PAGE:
Tuesday, October 2, 2012

A Real Life

I'm rereading Barbara Deming's A Humming Under My Feet: A Book of Travail (The Women's Press, 1985), which is a fascinating book.  It's about Deming's long stay in Europe in the early 1950s, when she was thirty-five or so.  That in itself makes it stand out among books of self-discovery, which usually are set earlier in the writer's life.  Deming had been struggling for a long time to save enough money to spend a year in Europe and establish herself as a writer.  Her father wouldn't pay for it because, he said, he didn't want her to become "dependent" on him.  When her grandmother offered to give her the money, however, he changed his mind.

A Humming Under My Feet began in 1952, when Deming wrote an opening chapter and sketched out how the book would proceed.  But friends to whom she showed the sample "couldn't help showing that they were embarrassed for me" (vii), and she abandoned the project for almost twenty years.  Her friends' embarrassment, of course, was due to her writing bluntly and casually about her love for another woman, to whom the book was addressed.  (Later, Jane Rule would take the same approach in her novel This Is Not for You.)  What amazes me is that Deming had written as unselfconsciously as she did about her lesbianism in 1952, when Cold War antigay bigotry was on the rise.  When she took up the book again in 1971, she had to reconstruct the period from notes and memory, and the result is a double vision like that of Christopher Isherwood's Christopher and His Kind, in which the older writer looks at the world both as her younger self saw it and as she saw it much later.

One thing I remember from my previous reading is that Deming surprised women in Italy and Greece because she was a woman traveling alone, without a male custodian.
The next morning I left to spend some time in Assisi.  On the train I managed a conversation with a group of women sharing the same compartment.  They were amazed that I traveled alone.  Without either parents or husband.  My parents must be dead, then.  Alive!  And I was here without them!  'Sola!' They whispered it -- the word marking me much more a stranger than the fact than the fact that I hardly spoke their language.  When we told each other our respective ages, it was my turn to be shocked by the differences in our lives. One of the women I had taken to be my mother's age was not much older than I.  A woman wrinkled as my grandmother was my smooth-faced mother's age...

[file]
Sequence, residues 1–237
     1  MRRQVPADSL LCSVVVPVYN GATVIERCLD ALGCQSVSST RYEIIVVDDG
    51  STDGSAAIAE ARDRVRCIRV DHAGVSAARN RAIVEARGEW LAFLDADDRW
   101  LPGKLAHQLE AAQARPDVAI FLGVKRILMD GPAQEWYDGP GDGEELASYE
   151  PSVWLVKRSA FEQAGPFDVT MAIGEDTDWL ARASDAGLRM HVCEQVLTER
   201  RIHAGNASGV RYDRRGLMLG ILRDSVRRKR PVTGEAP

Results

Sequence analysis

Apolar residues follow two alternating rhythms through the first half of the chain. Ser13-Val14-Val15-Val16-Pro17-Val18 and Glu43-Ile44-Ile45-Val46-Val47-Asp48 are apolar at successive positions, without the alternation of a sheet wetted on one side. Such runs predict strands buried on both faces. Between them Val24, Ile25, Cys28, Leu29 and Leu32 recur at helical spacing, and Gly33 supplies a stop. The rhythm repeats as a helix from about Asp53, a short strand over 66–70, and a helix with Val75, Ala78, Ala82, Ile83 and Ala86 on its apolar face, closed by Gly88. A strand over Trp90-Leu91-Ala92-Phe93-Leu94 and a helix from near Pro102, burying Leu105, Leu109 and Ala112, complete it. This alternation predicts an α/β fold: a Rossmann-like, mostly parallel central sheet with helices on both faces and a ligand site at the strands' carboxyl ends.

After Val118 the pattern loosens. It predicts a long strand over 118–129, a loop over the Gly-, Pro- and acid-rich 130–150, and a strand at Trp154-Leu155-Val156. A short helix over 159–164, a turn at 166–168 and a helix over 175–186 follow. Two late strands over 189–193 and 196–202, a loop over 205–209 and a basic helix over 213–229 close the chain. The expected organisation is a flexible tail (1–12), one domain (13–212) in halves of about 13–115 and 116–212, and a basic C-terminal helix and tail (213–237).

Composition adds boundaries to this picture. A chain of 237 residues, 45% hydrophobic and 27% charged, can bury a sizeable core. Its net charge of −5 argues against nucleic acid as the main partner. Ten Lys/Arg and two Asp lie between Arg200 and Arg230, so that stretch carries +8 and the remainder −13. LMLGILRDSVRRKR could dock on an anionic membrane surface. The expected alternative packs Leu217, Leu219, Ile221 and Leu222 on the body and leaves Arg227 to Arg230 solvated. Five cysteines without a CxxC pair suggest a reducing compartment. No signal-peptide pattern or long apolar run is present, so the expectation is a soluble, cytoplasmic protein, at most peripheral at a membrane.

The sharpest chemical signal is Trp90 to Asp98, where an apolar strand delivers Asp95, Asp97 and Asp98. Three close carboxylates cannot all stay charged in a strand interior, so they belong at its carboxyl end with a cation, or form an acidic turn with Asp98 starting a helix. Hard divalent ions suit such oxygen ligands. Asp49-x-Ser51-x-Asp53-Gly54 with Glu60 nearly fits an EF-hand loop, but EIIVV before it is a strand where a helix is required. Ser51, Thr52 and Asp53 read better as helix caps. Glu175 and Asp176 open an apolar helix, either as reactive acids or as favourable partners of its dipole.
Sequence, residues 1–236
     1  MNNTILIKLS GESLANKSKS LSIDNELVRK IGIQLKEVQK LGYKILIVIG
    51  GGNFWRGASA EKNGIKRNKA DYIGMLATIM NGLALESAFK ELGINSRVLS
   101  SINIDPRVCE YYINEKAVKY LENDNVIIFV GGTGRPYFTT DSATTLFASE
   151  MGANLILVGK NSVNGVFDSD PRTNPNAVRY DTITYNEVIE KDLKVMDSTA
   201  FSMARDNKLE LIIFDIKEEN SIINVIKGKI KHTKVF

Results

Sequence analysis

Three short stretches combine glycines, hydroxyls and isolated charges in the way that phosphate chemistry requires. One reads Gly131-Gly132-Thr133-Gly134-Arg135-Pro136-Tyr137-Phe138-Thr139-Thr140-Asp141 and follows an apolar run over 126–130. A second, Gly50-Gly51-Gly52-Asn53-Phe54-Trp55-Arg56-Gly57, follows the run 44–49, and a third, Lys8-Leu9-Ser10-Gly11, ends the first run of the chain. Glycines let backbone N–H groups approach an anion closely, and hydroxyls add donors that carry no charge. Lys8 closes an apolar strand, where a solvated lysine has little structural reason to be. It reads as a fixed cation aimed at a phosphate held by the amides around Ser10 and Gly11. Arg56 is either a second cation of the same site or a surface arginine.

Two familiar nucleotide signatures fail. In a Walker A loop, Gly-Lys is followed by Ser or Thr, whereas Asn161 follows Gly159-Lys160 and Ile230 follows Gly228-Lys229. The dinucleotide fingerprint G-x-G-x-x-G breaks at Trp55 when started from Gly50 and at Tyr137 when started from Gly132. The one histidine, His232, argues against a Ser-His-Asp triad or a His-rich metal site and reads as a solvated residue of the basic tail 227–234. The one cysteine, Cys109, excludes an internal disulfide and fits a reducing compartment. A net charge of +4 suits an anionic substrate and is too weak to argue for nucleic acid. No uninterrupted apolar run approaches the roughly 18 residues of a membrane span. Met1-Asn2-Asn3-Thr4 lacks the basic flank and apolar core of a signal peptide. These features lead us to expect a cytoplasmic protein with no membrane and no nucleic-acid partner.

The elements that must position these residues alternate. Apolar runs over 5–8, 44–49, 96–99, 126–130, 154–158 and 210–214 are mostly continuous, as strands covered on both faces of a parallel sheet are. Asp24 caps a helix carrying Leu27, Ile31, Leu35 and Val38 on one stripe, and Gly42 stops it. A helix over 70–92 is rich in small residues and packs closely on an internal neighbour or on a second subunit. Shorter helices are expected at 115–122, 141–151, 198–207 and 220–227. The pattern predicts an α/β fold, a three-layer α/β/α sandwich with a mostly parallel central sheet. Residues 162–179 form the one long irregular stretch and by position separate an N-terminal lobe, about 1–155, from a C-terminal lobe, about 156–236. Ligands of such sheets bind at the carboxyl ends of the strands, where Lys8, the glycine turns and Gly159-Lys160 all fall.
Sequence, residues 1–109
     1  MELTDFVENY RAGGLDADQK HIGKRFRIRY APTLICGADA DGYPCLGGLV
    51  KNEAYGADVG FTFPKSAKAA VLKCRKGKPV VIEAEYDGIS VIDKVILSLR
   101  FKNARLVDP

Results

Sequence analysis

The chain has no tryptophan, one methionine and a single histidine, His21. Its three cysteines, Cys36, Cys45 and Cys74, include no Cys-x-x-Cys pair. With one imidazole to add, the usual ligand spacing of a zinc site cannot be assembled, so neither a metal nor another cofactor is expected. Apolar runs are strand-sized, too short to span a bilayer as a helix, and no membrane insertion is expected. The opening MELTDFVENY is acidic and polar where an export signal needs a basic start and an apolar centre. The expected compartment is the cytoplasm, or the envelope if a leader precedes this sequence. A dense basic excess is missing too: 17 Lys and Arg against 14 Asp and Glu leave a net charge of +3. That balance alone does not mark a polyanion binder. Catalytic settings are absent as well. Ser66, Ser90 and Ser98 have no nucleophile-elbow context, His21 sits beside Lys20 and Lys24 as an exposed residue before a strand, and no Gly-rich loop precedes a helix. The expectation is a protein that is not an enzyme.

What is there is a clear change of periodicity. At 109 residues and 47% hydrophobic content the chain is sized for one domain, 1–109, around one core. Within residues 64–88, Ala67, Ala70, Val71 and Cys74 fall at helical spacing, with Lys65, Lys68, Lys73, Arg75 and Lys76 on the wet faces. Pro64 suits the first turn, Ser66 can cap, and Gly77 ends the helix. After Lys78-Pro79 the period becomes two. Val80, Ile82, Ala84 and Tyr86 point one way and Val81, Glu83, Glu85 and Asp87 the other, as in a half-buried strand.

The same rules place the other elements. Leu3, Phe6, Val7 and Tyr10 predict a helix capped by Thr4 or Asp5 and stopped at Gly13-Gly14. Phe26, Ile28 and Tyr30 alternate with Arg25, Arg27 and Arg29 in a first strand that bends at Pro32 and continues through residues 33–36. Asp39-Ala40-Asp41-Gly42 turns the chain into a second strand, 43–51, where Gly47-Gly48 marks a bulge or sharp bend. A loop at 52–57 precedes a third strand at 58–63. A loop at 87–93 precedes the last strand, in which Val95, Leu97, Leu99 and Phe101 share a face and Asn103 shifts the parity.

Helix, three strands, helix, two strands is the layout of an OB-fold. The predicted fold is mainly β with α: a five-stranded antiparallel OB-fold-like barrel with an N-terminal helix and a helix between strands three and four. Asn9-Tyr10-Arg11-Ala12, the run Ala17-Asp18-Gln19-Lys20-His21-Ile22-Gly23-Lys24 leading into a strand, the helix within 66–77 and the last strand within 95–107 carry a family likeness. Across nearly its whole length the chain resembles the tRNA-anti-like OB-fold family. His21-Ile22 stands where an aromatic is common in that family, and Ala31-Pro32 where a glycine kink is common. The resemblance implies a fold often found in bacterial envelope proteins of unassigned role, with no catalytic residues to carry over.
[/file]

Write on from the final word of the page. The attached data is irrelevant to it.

'Sola!'  The word kept echoing in me.  Word uttered by the women in awe.  They had not my privilege to roam.  The whispered word named me privileged; it named me also outlaw -- one who fit no accepted norm [31].
I'm still only about seventy pages in, and I find a lot in Deming's writing that I identify with: her uncertainty about being a sojourner in other people's countries, and her sense that her own life is unreal compared to those of her heterosexual friends and relatives.  Some of this is due to being single and lesbian, not too surprisingly: she even let her brother Ben court and eventually marry a lover of hers, and when that love became pregnant, she kept trying to believe in the connection between them.
It seemed to me that I could feel her child stir within my own body.  I also wished that I could be that child and be born to her.  She wrote that when she thought of it as a girl, she imagined it to be like me.  Reading these words, my heart beat quickly and I imagined myself in her arms again, a tiny girl.  That imagining flickered and went out.  It was not with my life that she was pregnant.  She wrote that her shape was changing.  Yes, the child was changing her.  And once born, it would change her even more.  I sat on, letting this knowledge touch me.  Though she had married, I believed she loved me still.  Of course I knew that she also loved Ben; but I had clung until now to the dream that our lives could be joined together still, I didn't know quite how.  Until this letter, her marriage had not been more real to me than the love between us I knew to be still alive.  But the child she expected -- the child was changing her, and the child would also change the marriage.  I sat there, the letter in my hand -- in the flower-bright park.  Sat waiting for this birth.  Not able not to love the child, and not able not to dread it.  Sat wishing that I were the awaited new life [53].
There's more to Deming's sense of unreality than this, though: I believe that if she could have asked those around her whose lives seemed more substantial, they might well have told her that to them, their own lives felt shadowy and incomplete.  This is a consequence of the fact that other people's inner lives are not directly perceptible to us, as our own are.  We feel our every doubt, fear, and shameful craving, but not those of others.  It was a shock and a revelation to me when someone who seemed grounded and sure of himself told me that he didn't feel that way to himself at all; and when other people, later on, told me that I seemed stable and self-confident, it completed the revelation.  I wasn't freed of all insecurity and confusion, but it did stop me from imagining that I could have been free of them if I'd only been born someone else.